Autobiography of a Recovering Skinhead
The Frank Meeink Story as Told to Jody M. Roy, Ph.D.
Frank Meeink; Jody M. Roy, Ph.D.; Introduction by Elizabeth Wurtzel
978-0-9790188-2-4 | 9780979018824
0-9790188-2-X | 097901882X
36 per carton
BIOGRAPHY & AUTOBIOGRAPHY
Imprint Rights: P: USC~D: W
Title Rights: USC
Product Safety: Mfgr warrants no warnings apply
Autobiography of a Recovering Skinhead is Frank Meeink’s raw telling of his descent into America’s Nazi underground and his ultimate triumph over drugs and hatred. Frank’s violent childhood in South Philadelphia primed him to hate, while addiction made him easy prey for a small group of skinhead gang recruiters. By 16 he had become one of the most notorious skinhead gang leaders on the East Coast and by 18 he was doing hard time. Teamed up with African-American players in a prison football league, Frank learned to question his hatred, and after being paroled he defected from the white supremacy movement and began speaking on behalf of the Anti-Defamation League. A story of fighting the demons of hatred and addiction, Frank's downfall and ultimate redemption has the power to open hearts and change lives.
Chapter One: The Confessional
On the morning of April 19, 1995, I squeezed past the meat counter of a corner deli, grabbed a pre-wrapped hoagie, and made my way to the cash register. The clerk was glued to a small television set behind the counter.
“What’s going on?” I asked.
“Somebody blew up a building.”
“No shit? Where?”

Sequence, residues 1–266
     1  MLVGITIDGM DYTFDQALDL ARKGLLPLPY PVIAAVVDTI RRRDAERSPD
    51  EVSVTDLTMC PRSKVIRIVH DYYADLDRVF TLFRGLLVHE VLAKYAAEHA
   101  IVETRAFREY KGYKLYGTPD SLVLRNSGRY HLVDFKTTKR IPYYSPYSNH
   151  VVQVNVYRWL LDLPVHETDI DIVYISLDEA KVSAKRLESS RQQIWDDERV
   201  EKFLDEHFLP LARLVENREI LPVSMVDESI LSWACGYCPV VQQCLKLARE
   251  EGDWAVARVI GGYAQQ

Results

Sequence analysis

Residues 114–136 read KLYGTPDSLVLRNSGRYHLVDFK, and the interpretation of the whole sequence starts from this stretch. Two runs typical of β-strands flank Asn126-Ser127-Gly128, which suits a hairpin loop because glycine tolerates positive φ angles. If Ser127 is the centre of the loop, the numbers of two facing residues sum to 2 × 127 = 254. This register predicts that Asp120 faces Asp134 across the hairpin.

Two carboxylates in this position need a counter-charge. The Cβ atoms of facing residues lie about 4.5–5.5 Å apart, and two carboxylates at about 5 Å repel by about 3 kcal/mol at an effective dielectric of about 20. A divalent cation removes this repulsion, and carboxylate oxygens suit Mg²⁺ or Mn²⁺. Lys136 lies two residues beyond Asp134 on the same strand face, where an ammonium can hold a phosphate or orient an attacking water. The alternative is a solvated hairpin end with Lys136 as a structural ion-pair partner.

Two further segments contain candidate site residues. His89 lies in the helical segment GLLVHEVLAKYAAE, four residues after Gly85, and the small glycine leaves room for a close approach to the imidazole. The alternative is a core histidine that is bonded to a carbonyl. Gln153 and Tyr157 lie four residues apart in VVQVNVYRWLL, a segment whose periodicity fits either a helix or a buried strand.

Within minutes of the blast, the world was huddled around television sets. Even me and my fellow drug dealers abandoned our corner at Second and Porter to follow the story. We piled into the front bedroom of a ratty South Philly rowhouse.
“What kind of an asshole does that?” somebody asked.
Little conversations erupted around the room.
“Youse think it’s terrorists?”
“Like in Israel?”
“No fucking way. That shit don’t happen here.”
“It happened in New York.”
“This ain’t the same thing. It’s fucking Oklahoma.”
“I still say it’s terrorists.”
“I think it’s some fucking nut job.”
“I bet I know who did it,” I said.
The room fell silent.
The Second and Porter boys had taken me in a few months earlier when not a lot of people wanted anything to do with me. I hadn’t seen most of them since grade school, but they accepted me back anyhow. I was one of them. Like every other dude on that corner, I was a South Philly Catholic cocktail. I was a little darker than the pure Irish guys, a little taller than the full Italians, and a lot skinnier than everybody except the kooksters who’d given up food for cocaine. But to the Second and Porter boys, I was still Frankie Meeink from the old neighborhood. They overlooked everything else. Or maybe they never really believed it until the day of the Oklahoma City Bombing, when they heard me say, “I bet I know who did it.”
For the first time that day, everyone turned away from the television. Every dude in that room stared at me as if he was really seeing me for the first time since I’d reappeared in their lives. I felt their eyes lock on the five-inch swastika tattooed on my neck. I glanced nervously at my hands. The tattoos on my knuckles accused me: “S-K-I-N-H-E-A-D.”
Finally, someone cautiously asked, “Who?”
“I ain’t saying I can name the name, but youse just watch: it’s going to end up being somebody tied to the movement.”
I knew. Deep in my gut, from the second the story broke, I knew. I recognized the plot. It’s from The Turner Diaries, the “novel” by Andrew MacDonald. The thing is, Andrew MacDonald isn’t the author’s real name; his real name is William Pierce. And, in 1995, William Pierce was still head of the National Alliance, and his book was still at the top of the white supremacy movement’s “must read” list. When the cops finally apprehended Timothy McVeigh, they found copies of pages from The Turner Diaries in his car. My copy was tucked away in the back of a closet. I’d read it cover-to-cover during my skinhead years, and while I read it, I wanted to blow something up. And I knew how, thanks to that book and others like it. I’d just never had the right opportunity.